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Opinion

Royal wedding: The snobbery of Will'n'Kate-haters

Not everyone loves Prince William and Kate Middleton. The Will’n’Kate-haters view the British public as a moronic mass brainwashed into bowing to a constitutional monarchy. But these snobs miss the mark: Real republicanism trusts, not disdains, the will of the people.

By Brendan O'Neill / April 28, 2011



London

When it comes to snobbery in Britain – one of our favorite pastimes – you might imagine that at the very top of the pile would be the Royal Family.

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Born into palatial wealth and privilege, convinced that they have been handpicked by God to lead Britain, possessed of scores of tiaras, orbs, and various other glittering things, surely no one can out-snob a member of the House of Windsor?

Actually, they can. The fast-approaching wedding of Prince William and Catherine Middleton, which takes place this Friday, has revealed the existence of a new kind of British snob, a cynical, sneering snob, who looks down his nose at both the Royal Family and the peculiar little people who wave flags and cheer at royal events.

Meet the Windsor-weary Will’n’Kate-haters, who view the Royal Family as a bunch of vulgar over-spenders and the British public as a moronic mass that has been brainwashed into bowing before the Queen and Co.

In the run-up to the big day, there has, of course, been much excitement, especially amongst the more traditionalist, royal-watching sections of society.

Staunchly monarchist newspapers such as the Daily Telegraph and the Sun have been publishing daily articles about the preparations for the wedding. (The Sun even printed cut-out-and-keep Will and Kate masks, in case anyone fancies dressing up as the couple.)

And street parties have been organized in towns and villages across Britain, where revellers plan to knock back lemonade and tuck into ham sandwiches as they celebrate this fairly historic union between an heir to the throne and a commoner whose grandfather was a coal miner and whose cousin works in a chip shop.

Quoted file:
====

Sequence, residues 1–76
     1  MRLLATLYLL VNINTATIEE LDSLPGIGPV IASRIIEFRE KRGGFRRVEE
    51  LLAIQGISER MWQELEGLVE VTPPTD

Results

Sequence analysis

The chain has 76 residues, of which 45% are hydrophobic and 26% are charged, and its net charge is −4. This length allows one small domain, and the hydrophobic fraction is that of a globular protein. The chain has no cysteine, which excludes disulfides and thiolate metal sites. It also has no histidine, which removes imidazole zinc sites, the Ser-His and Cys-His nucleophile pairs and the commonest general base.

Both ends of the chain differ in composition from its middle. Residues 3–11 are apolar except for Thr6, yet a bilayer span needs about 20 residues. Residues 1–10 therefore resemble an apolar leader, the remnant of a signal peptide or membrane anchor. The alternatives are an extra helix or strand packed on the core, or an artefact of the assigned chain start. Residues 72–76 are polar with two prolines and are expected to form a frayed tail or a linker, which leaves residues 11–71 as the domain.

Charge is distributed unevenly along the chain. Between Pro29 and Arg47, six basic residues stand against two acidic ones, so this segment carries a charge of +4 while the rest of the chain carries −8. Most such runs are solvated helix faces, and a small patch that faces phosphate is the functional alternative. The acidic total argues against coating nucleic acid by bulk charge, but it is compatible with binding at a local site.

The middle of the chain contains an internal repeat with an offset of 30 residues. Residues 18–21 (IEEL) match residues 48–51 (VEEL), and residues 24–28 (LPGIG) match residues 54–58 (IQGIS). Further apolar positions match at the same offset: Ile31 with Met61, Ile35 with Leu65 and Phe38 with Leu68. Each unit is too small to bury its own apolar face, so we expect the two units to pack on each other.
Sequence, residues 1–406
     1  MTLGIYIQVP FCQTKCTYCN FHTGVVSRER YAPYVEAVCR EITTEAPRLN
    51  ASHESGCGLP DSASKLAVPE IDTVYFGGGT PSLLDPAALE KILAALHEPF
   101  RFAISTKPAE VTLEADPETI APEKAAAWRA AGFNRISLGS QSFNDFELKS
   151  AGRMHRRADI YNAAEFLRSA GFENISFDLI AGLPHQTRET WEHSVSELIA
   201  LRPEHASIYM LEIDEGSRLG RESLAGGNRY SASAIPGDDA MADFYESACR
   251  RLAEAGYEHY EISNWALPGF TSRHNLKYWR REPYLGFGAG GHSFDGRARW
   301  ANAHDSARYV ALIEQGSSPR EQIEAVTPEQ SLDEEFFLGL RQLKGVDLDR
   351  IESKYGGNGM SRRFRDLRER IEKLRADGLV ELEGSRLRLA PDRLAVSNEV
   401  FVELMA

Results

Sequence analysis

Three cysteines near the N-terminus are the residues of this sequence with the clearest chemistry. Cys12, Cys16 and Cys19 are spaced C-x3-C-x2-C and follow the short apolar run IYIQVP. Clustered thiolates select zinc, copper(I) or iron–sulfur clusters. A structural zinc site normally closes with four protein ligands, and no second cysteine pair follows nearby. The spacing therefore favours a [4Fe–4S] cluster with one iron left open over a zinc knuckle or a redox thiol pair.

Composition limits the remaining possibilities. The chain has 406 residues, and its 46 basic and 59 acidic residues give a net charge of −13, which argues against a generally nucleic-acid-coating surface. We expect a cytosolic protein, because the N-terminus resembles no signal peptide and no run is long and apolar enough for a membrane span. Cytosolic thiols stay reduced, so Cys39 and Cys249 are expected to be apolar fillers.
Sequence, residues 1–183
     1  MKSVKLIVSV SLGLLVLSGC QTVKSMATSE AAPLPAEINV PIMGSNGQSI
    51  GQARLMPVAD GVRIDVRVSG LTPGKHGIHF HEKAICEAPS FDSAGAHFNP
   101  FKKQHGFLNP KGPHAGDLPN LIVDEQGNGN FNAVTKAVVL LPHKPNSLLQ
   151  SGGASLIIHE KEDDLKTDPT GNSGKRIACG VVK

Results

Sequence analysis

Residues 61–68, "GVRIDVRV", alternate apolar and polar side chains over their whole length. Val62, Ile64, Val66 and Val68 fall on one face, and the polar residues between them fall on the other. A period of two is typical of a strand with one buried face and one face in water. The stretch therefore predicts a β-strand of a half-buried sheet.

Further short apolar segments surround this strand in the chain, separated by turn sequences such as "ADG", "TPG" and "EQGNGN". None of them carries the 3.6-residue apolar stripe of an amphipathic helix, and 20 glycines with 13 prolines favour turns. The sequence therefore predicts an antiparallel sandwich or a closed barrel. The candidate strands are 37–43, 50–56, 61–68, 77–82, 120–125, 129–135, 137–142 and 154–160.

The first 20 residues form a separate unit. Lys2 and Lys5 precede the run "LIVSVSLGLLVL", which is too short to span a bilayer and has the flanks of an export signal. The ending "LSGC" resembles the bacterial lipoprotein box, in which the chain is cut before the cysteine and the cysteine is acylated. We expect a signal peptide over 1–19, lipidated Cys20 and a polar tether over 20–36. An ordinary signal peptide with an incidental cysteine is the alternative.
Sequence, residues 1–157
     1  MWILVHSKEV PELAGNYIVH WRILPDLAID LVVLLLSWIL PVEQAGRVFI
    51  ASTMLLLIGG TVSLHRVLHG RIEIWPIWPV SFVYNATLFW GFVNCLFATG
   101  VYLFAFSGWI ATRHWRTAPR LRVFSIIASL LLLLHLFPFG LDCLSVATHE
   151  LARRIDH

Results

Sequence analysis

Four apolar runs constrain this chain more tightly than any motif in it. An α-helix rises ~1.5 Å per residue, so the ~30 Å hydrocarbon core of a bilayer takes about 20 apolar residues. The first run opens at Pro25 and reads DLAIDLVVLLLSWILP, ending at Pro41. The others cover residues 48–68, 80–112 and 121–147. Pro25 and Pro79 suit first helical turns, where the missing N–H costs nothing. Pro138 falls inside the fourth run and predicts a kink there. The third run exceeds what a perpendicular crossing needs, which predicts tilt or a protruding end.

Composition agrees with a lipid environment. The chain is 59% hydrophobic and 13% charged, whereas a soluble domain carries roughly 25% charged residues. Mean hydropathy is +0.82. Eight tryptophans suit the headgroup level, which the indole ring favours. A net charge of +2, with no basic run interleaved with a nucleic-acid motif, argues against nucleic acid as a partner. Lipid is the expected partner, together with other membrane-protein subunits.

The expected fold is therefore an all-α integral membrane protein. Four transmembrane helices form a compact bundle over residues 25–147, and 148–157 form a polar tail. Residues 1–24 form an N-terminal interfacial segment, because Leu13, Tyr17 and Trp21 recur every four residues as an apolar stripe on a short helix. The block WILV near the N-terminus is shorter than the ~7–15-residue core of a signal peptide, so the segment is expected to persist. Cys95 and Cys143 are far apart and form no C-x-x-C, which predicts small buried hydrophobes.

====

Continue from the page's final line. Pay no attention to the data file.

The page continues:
The deep cynics

Yet alongside these well-wishers, there are deep cynics, too, who have taken to advertising as publicly as possible their lack of interest in the wedding – and damning as “dumb” anyone who shows even an inkling of enthusiasm for what one writer disdainfully describes as “wedding frenzy.”

Among what we might call the smart set – generally liberal, well-educated opinion-formers – it is now fashionable to affect a haughty feeling of “meh” toward the whole shebang. Will Self, an influential London-based novelist, joyfully told the Guardian that a friend of his has invited him to a party profanely mocking the royal wedding, so “I might mosey along to that,” he said.

Mr. Self and his well-connected media mates, who will no doubt be clinking their champagne glasses in an orgy of anti-wedding self-congratulation, are clearly far more intelligent than the average British pleb.

Because apparently the reason ordinary Brits are excited about the wedding is that they have been “brainwash[ed] on an Orwellian scale,” said Self in a recent article for Prospect magazine. We have been “conditioned from birth to accept there’s only one form of government for us: constitutional monarchy.” In short, we thoughtless creatures have been sucked in by the allure of the Windsor tribe.

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